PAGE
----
|S. Park, J. Yang, R. Oonk, Z. Paragi
| For her summerstudent project Songyoun Park (Department of Astronomy, Yonsei, Korea) visited JIVE to work with ASTRON and JIVE astronomers Raymond Oonk, Jun Yang (now at the Onsala Space Observatory, Sweden) and Zsolt Paragi on a radio VLBI project to study the continuum emission from radio galaxies in the center of the Perseus galaxy cluster. In particular she focused on the red-and-dead, elliptical galaxy NGC 1277 and how it compares with its peers in the dense environment at the center of the Perseus Galaxy cluster. According to optical observations, an over-massive black hole resides within NGC 1277 (van den Bosch et al. 2012).
Westerbork Synthesis Radio Telescope (WSRT) observations show that NGC 1277 and other nearby ellipticals emit radio emission, but the observations lack the spatial resolution to pinpoint the origin of this emission. Songyouns summer project consisted of analyzing high resolution very long baseline interferometric observations, conducted with the EVN, of these sources. She selected five (incl. NGC 1277) in the central 10 arcminute region of the Perseus cluster, imaged them with a resolution of about eight milliarcseconds and detected all of them at 1.4 GHz. They show non-variable, compact structure and brightness temperatures above 10 million K, implying that the radio emission is non-thermal. Ongoing nuclear star formation is also ruled out.
Songyoun concludes that these VLBI-detected radio sources are parsec-scale jets associated with supermassive black holes in low luminosity active galactic nuclei (LLAGNs), although there are no clear signs of this nuclear activity observed in the optical and infrared bands. Using the fundamental plane relation in black holes, we find no significant evidence for or against an extremely massive black hole hiding in NGC 1277. The work by Songyoun shows that VLBI observations are an excellent tool to disentanle the nature of radio emission in nearby galaxies. The results have been accepted for publication in MNRAS and are also available here: http://adsabs.harvard.edu/abs/2016arXiv161105986P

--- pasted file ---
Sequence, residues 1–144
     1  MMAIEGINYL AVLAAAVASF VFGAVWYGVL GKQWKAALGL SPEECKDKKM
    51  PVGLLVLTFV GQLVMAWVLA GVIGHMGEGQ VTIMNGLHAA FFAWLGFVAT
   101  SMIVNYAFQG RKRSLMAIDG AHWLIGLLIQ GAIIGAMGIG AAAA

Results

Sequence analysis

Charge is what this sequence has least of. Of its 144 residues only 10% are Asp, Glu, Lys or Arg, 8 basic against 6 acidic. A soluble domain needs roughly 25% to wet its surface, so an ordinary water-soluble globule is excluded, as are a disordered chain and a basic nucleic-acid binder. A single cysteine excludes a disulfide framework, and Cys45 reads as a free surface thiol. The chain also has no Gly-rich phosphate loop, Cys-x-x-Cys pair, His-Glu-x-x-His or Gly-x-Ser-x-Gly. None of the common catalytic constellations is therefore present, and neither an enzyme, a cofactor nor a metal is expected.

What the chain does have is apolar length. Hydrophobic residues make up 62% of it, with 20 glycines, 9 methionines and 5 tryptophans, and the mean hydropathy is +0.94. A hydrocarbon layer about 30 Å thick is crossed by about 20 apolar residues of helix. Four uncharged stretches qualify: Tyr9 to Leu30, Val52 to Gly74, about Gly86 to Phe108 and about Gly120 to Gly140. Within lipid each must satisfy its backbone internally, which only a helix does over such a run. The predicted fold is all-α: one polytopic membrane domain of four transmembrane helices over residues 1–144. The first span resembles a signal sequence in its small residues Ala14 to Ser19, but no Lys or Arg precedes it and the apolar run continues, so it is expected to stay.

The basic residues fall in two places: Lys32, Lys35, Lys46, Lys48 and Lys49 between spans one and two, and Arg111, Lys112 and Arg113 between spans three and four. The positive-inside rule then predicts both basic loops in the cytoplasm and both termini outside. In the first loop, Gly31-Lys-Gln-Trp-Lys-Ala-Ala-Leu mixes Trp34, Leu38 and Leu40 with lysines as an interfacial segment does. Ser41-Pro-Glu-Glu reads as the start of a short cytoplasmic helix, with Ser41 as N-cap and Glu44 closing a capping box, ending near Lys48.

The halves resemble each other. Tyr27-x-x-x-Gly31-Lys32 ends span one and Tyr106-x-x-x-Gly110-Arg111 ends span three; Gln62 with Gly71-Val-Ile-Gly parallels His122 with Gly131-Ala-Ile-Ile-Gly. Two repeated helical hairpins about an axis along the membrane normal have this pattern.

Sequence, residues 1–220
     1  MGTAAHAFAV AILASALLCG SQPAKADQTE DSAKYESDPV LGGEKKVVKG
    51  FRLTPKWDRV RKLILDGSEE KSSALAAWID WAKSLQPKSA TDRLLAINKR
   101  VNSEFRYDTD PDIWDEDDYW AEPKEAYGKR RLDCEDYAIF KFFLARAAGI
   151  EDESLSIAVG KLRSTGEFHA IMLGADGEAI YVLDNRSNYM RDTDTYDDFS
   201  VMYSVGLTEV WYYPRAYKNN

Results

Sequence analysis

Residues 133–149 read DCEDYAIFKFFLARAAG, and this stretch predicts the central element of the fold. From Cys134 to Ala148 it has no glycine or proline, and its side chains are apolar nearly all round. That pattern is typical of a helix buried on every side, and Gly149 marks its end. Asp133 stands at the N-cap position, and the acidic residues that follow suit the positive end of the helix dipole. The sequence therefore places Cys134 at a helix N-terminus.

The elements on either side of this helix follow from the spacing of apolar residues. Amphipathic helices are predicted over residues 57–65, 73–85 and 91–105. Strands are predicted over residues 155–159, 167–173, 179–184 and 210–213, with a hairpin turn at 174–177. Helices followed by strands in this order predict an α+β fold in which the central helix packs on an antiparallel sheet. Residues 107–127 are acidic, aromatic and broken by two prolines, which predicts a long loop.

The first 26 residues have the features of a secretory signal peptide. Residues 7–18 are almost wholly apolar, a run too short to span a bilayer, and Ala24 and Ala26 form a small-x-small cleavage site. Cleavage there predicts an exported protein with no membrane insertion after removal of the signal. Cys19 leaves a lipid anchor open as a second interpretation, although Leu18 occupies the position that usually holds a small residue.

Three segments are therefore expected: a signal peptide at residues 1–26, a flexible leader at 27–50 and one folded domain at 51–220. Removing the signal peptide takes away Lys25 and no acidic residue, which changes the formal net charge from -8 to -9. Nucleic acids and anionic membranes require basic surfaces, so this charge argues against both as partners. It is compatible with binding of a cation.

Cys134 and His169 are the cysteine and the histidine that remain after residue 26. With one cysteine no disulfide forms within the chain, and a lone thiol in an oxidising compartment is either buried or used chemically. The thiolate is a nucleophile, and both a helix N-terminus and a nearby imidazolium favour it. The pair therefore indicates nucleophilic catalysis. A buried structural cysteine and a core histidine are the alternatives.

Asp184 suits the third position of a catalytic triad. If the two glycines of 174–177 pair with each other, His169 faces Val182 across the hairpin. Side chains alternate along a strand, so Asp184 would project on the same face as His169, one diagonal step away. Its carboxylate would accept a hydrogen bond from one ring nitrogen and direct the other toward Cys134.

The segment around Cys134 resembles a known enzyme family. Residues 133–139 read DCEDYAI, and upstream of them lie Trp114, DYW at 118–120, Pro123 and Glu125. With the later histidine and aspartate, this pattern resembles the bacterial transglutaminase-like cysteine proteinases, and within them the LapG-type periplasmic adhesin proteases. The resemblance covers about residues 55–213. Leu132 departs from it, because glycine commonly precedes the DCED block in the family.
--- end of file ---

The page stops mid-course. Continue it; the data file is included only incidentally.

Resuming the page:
The picture shows the combined image of the radio-optical emission with the compact radio sources detected from the EVN observation on milliarcsecond scale. The EVN maps of our five early-type galaxies and the phase-reference check source (J0320+412) are presented on the top and left-hand side. The contour levels on the VLBI images are powers of two times the 3 sigma noise level. The green contours represent the 1.4 GHz WSRT radio continuum (Sijbring 1993) which is overlaid on a SDSS g band image.